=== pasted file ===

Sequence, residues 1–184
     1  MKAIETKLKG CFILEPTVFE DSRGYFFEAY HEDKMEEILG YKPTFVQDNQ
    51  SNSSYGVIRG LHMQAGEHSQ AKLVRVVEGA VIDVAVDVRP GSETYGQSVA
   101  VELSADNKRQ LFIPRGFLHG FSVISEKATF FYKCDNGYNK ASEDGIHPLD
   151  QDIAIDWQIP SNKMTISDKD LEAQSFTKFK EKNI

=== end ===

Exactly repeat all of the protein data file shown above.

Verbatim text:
Sequence, residues 1–184
     1  MKAIETKLKG CFILEPTVFE DSRGYFFEAY HEDKMEEILG YKPTFVQDNQ
    51  SNSSYGVIRG LHMQAGEHSQ AKLVRVVEGA VIDVAVDVRP GSETYGQSVA
   101  VELSADNKRQ LFIPRGFLHG FSVISEKATF FYKCDNGYNK ASEDGIHPLD
   151  QDIAIDWQIP SNKMTISDKD LEAQSFTKFK EKNI